Subject: I have found a CD that I think you would enjoy
Similarly Requested CDs
Santa Fe Listener | 03/13/2000
(5 out of 5 stars)
"I can't think of anything bad to say about this disc. The energy contained in this performance is simply uplifting. Solti is not especially known for his in depth interpretations, but this one has just about everything it needs; Masterful playing, a great singer, and a conductor with the passion and fervor needed to turn out a great performance."
Much better than its reputation
Santa Fe Listener | Santa Fe, NM USA | 09/24/2006
(4 out of 5 stars)
"This is a digital remake from 1984 of Solti's original Mahler Fourth with the Concertgebouw. As an interpreter of Mahler, Solti has a well-deserved reputation for being driven and unresponsive to Mahler's nuances, but that's not true here. The first movement, though a little too straightforward, allows the music to speak for itself, and with such ravishing playing form the cSO and Decca's transparent sonics, the result is very satisfying. The second movement falls seriously short of atmosphere--somebody took away the devil's fiddle and kicked him out of the room. The slow meovement proceeds at a nice forward pace and is beautifully played (better, really, than almost anyone else I've heard on CD).
Many listeners will be buying this CD for Kirit Te Kanawa's solo singing in the finale, and she doesn't disappoint. The soprano really tries to evoke childlike innocence, and of course her voice is enchanting in itself. Solti provides a fast tempo, but I like that--he avoids mannered cuteness. In all, I've heard more atmospheric and imaginative readings of the Fourth (Abbado, Bernstien, Welser-Most), but Solti's belongs in the top tier."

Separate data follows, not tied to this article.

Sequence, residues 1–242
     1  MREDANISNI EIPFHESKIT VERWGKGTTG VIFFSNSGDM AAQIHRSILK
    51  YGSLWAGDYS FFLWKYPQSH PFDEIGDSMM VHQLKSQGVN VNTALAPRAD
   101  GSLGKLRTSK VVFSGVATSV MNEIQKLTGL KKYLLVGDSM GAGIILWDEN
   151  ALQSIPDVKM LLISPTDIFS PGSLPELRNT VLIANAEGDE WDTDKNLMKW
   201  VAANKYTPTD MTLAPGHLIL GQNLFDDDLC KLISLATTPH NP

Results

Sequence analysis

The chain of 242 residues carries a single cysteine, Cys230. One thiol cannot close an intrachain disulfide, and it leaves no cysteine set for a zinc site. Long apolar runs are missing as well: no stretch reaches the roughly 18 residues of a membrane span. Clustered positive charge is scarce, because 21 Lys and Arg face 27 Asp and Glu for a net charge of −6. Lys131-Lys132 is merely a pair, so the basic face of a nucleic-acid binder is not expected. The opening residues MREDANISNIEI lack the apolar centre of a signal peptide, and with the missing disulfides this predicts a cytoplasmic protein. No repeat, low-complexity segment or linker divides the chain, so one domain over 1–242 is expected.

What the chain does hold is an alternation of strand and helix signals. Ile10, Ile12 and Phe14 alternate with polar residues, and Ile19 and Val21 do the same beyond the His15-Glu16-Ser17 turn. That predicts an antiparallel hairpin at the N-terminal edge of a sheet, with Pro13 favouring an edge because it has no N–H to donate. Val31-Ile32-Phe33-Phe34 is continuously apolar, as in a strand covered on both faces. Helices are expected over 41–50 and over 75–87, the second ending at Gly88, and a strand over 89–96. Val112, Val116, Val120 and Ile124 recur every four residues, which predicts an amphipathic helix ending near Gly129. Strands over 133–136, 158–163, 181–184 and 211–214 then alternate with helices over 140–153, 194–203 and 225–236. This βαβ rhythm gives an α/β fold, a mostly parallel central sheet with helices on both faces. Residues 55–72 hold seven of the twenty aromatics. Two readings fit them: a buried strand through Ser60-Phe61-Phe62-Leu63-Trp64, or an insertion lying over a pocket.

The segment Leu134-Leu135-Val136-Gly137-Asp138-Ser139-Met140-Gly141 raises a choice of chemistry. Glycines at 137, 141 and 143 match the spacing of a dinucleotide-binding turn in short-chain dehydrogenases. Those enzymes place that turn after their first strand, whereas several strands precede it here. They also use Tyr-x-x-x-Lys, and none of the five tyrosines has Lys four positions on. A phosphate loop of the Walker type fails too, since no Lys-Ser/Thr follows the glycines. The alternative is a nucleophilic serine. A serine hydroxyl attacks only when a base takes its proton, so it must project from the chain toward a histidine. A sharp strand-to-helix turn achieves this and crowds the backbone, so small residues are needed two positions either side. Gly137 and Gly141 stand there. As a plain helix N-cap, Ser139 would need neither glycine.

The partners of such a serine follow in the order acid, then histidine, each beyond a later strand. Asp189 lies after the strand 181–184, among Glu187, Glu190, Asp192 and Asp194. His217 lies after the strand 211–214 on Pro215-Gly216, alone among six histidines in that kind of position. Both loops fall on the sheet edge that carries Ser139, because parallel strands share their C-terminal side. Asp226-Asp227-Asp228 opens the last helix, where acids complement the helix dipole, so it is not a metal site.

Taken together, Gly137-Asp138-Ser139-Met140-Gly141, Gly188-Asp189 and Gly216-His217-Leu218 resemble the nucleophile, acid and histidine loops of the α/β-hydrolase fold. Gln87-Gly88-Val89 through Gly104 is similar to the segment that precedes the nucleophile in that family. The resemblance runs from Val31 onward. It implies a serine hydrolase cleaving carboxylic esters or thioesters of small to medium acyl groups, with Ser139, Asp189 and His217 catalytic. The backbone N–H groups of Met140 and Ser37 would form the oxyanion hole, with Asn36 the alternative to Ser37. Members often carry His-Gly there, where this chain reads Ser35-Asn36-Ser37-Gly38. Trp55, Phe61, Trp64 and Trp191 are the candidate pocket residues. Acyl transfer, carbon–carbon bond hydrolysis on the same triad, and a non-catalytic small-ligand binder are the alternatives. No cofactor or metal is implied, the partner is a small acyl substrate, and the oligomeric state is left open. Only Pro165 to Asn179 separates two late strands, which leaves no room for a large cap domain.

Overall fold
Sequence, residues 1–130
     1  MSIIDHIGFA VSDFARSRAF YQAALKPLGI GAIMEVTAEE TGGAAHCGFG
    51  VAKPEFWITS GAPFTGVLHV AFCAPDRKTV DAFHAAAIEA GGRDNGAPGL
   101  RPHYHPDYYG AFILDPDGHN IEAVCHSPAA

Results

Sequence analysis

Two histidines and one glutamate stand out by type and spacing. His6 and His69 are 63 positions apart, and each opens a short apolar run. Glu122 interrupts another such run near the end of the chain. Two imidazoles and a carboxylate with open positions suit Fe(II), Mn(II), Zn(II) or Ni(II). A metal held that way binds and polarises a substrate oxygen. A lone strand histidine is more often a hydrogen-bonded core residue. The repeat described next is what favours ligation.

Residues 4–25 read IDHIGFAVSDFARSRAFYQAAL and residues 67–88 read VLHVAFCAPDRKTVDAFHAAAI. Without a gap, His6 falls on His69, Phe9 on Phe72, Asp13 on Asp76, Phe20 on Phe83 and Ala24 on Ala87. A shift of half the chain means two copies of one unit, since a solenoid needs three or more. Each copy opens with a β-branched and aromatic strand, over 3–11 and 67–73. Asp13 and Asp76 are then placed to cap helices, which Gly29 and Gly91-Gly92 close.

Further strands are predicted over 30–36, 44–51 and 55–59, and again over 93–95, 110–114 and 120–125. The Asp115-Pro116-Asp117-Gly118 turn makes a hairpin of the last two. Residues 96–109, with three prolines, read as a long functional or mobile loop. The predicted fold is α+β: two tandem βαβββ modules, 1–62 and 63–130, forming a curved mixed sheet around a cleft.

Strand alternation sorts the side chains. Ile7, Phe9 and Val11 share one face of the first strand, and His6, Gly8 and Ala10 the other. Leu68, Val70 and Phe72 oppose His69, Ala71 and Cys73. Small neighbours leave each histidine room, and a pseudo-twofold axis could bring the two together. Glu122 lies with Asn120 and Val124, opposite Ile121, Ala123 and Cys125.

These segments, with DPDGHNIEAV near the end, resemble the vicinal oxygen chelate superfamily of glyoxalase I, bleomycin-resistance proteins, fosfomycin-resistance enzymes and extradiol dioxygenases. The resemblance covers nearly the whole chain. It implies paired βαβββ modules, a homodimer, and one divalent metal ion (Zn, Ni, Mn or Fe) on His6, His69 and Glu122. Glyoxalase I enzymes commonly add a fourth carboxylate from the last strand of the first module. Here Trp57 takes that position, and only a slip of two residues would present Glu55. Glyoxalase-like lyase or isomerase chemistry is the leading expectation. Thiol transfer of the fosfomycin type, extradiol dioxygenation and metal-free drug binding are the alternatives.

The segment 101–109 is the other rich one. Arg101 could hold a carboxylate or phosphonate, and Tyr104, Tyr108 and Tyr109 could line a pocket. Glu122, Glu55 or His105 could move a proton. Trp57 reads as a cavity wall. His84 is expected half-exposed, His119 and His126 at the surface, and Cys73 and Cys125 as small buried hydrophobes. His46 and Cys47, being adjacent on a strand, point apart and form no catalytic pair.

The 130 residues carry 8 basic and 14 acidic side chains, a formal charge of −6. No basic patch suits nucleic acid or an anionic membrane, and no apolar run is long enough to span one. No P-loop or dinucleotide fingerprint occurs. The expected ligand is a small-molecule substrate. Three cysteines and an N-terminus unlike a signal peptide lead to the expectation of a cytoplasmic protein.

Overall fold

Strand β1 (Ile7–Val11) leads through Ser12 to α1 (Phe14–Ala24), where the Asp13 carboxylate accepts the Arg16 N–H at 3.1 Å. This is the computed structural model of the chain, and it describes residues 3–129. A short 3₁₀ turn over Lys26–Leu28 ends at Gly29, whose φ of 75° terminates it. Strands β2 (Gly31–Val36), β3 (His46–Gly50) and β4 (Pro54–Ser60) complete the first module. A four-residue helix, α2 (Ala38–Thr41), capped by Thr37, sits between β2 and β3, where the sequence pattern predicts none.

Superb slow movement
Tenors Elbow | San Diego, CA | 01/07/2008
(4 out of 5 stars)
"I remember this recording from my student days and is great to finally have it in my collection 15 years later. The 3rd movement is worth the price of the CD alone. Certainly it is Mahler slow movement writing at its best. Solti and Mahler set up the opening motif of the slow upper string melody over the pizzicato lower strings, then sit back and let it grow organically without personality getting in the way. Everything seems to progress naturally, like a water drop finding its way from the top of a mountain down to the ocean. We stay familiar with the water drop all the way down at it passes through some magnificent scenery."